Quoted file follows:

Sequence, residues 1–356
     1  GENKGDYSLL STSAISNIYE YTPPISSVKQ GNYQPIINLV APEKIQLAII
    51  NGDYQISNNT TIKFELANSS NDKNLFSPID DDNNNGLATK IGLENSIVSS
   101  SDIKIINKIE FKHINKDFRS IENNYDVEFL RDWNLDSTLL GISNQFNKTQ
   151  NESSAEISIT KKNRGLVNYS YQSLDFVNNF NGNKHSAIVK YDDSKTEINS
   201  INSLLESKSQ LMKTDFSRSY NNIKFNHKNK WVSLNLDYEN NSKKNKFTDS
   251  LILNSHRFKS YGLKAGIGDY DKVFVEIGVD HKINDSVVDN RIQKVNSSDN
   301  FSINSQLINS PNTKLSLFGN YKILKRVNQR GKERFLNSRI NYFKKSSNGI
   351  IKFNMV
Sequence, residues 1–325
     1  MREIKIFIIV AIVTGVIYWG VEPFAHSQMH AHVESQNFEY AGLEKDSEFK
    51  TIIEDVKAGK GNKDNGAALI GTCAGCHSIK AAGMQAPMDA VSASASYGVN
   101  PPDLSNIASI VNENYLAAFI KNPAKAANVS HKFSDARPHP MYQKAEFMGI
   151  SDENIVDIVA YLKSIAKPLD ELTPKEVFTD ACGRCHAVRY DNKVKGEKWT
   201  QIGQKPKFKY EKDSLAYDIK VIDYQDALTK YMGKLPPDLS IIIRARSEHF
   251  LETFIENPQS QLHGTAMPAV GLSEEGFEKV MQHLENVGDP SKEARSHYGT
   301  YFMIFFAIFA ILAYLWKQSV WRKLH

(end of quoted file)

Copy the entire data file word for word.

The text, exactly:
Sequence, residues 1–356
     1  GENKGDYSLL STSAISNIYE YTPPISSVKQ GNYQPIINLV APEKIQLAII
    51  NGDYQISNNT TIKFELANSS NDKNLFSPID DDNNNGLATK IGLENSIVSS
   101  SDIKIINKIE FKHINKDFRS IENNYDVEFL RDWNLDSTLL GISNQFNKTQ
   151  NESSAEISIT KKNRGLVNYS YQSLDFVNNF NGNKHSAIVK YDDSKTEINS
   201  INSLLESKSQ LMKTDFSRSY NNIKFNHKNK WVSLNLDYEN NSKKNKFTDS
   251  LILNSHRFKS YGLKAGIGDY DKVFVEIGVD HKINDSVVDN RIQKVNSSDN
   301  FSINSQLINS PNTKLSLFGN YKILKRVNQR GKERFLNSRI NYFKKSSNGI
   351  IKFNMV
Sequence, residues 1–325
     1  MREIKIFIIV AIVTGVIYWG VEPFAHSQMH AHVESQNFEY AGLEKDSEFK
    51  TIIEDVKAGK GNKDNGAALI GTCAGCHSIK AAGMQAPMDA VSASASYGVN
   101  PPDLSNIASI VNENYLAAFI KNPAKAANVS HKFSDARPHP MYQKAEFMGI
   151  SDENIVDIVA YLKSIAKPLD ELTPKEVFTD ACGRCHAVRY DNKVKGEKWT
   201  QIGQKPKFKY EKDSLAYDIK VIDYQDALTK YMGKLPPDLS IIIRARSEHF
   251  LETFIENPQS QLHGTAMPAV GLSEEGFEKV MQHLENVGDP SKEARSHYGT
   301  YFMIFFAIFA ILAYLWKQSV WRKLH